Winter New Mexico Jan 03—09, 2008

Posted by Barry Zimmer

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Barry Zimmer

Barry Zimmer has been birding since the age of eight. His main areas of expertise lie in North and Central America, but his travels have taken him throughout much of the wo...

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Our 2008 Winter New Mexico tour was very successful in finding an array of highly sought southwestern target birds, but I think it will be the incredible avian spectacles that we witnessed that will be most remembered. During our first afternoon we marveled at a flock of roughly 2,500 Yellow-headed Blackbirds coming in to roost at a marsh in west El Paso. Telephone lines over the marsh were so thick with the blackbirds that we were sure they would snap under the weight. At Caballo Reservoir about a hundred miles to the north we watched a huge flock of Common Mergansers (totaling perhaps 4,000 birds) intermingling with hundreds of Clark's and Western grebes in a huge feeding frenzy. At world-famous Bosque del Apache National Wildlife Refuge, we stood spellbound as roughly 40,000 "white geese" (both Snow and Ross's) erupted into flight directly over our heads in a deafening cacophony, and later watched Sandhill Cranes by the thousands feeding and dancing in a corn stubble field less than 50 yards away.

Our final spectacle involved the swirling flocks of rosy-finches atop Sandia Crest near Albuquerque. Nearly a hundred individuals representing all three species (plus the Hepburn's race of Gray-crowned) swirled about the Crest House feeders, allowing us to study these wonderful birds from 15 feet away! In a world of declining bird populations and diminishing habitat, it is so wonderful to know that there are still places where huge numbers of birds can be seen and enjoyed.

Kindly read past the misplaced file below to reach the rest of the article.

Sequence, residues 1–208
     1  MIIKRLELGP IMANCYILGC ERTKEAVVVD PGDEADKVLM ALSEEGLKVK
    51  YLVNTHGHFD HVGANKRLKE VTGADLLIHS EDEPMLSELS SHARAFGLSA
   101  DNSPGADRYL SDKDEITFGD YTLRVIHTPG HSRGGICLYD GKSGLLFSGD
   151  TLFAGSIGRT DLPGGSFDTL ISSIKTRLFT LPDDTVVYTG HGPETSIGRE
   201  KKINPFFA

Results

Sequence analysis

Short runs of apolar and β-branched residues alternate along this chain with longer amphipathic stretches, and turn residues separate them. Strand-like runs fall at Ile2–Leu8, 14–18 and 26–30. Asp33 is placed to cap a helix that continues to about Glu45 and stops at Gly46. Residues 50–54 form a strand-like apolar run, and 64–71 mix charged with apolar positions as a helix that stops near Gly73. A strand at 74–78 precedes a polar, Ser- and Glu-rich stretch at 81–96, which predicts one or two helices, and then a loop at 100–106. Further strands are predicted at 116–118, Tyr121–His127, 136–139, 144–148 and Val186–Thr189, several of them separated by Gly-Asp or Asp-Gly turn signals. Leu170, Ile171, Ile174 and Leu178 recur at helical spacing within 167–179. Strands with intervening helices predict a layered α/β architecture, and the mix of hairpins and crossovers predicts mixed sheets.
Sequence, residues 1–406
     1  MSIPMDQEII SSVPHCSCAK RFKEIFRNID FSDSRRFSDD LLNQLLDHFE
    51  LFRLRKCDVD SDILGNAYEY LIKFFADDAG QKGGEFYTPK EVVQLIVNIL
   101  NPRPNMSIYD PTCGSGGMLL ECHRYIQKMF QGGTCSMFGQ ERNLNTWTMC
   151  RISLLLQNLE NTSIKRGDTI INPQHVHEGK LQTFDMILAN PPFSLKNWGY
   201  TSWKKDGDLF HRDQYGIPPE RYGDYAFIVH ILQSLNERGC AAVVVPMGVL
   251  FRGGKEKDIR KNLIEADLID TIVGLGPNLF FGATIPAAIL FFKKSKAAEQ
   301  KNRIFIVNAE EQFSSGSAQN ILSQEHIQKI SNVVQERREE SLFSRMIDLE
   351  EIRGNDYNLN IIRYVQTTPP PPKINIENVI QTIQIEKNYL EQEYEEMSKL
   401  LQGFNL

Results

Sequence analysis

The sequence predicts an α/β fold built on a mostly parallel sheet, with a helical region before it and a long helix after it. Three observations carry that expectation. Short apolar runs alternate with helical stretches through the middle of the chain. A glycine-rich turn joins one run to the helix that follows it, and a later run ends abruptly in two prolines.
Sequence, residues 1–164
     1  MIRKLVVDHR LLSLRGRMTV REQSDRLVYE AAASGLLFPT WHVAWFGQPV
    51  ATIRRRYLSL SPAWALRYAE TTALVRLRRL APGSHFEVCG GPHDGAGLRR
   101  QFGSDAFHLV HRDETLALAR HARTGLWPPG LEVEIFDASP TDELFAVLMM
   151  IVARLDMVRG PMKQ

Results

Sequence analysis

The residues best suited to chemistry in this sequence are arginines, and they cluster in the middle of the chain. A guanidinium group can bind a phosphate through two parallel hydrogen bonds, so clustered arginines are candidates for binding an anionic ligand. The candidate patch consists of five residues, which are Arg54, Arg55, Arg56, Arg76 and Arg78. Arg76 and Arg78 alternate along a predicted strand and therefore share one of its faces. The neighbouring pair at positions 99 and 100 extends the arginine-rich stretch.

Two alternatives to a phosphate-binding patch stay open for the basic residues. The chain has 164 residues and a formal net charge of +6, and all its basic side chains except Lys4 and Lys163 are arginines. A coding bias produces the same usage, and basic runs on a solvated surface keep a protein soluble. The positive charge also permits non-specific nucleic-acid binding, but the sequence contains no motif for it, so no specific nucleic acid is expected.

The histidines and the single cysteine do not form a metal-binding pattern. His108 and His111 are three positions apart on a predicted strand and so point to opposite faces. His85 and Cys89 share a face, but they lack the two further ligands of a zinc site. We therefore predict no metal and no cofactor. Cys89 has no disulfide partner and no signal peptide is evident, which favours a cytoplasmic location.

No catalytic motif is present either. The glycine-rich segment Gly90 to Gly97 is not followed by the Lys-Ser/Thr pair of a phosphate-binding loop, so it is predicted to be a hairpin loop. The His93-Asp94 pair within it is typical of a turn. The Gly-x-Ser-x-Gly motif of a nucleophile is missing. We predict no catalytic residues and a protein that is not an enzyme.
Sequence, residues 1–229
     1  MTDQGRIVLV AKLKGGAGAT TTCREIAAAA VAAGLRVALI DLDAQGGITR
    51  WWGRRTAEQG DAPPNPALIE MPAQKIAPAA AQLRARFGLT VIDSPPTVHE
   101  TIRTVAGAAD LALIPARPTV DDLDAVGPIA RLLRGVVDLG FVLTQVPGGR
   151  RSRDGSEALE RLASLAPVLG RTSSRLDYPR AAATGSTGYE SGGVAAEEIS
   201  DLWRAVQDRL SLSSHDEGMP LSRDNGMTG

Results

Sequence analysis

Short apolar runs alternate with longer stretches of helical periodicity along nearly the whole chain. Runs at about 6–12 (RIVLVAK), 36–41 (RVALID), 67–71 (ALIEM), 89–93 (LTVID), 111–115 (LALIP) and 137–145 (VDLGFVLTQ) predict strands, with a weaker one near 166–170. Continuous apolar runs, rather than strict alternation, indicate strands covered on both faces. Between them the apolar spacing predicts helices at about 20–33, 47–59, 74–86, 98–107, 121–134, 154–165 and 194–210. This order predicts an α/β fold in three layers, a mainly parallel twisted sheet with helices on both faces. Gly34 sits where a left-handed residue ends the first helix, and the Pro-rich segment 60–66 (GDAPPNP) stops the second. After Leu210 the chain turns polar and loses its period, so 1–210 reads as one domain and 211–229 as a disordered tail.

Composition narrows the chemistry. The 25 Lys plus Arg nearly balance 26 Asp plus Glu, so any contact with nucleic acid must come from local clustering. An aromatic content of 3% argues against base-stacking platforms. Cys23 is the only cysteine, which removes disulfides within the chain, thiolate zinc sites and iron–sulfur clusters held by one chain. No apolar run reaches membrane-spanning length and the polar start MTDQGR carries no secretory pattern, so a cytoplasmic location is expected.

As previously mentioned though, these spectacles were not our only highlights. A pair of incredibly responsive Crissal Thrashers at the aforementioned blackbird roost put on an amazing show. The next morning, southeast of El Paso, we had excellent luck with raptors including scope views of Harris's Hawk, Prairie Falcon, and Golden Eagle. Eleven Burrowing Owls, a Greater Roadrunner from about 15 feet, stunning Hooded Mergansers, and a very rare White-winged Scoter capped off the morning. Later, in my yard, we enjoyed Rufous and Anna's hummingbirds, Inca Doves, and Lesser Goldfinches among others.

The next day found us in the scenic Organ Mountains east of Las Cruces. A leisurely hike along a mountain trail here yielded Townsend's Solitaire, Juniper Titmouse, Bushtit, Steller's and Western Scrub jays, Canyon and Rock wrens, and Black-chinned (prolonged scope views) and Rufous-crowned sparrows. Nearby desert areas produced the localized Sage Sparrow in the afternoon, and a local reservoir surprised us with a Cackling Goose.

Moving northward along the Rio Grande we encountered a striking Ferruginous Hawk sitting in a bare field, a stunning male Vermilion Flycatcher hawking insects over the river, and a mixed species flock at Percha State Park that had Hammond's Flycatcher, Bridled Titmouse, Western Bluebird, Phainopepla, and Cedar Waxwing among others. Nearby, two Golden-crowned Kinglets (locally rare) and a Brown Creeper foraged along the riverbanks. The sycamore-lined drainage of Animas Creek harbored a rare Red-headed Woodpecker. Around Elephant Butte Reservoir we added a Sage Thrasher and a small flock of Mountain Bluebirds.

Words can barely describe the experience one enjoys at Bosque del Apache. The continual parade of cranes and geese throughout the day is simply amazing. In addition, a great array of other waterfowl, raptors, and landbirds can be found along the refuge tour loop. Our highlights here included many Ring-necked Pheasants, a very unexpected bobcat, a female Merlin, several Bald Eagles, close studies of Canvasback and Bufflehead, and a Mountain Chickadee.

All in all, our six-day trip yielded nearly 150 species of birds, including 19 species of waterfowl and 13 species of raptors. What better way to start off the new year of birding!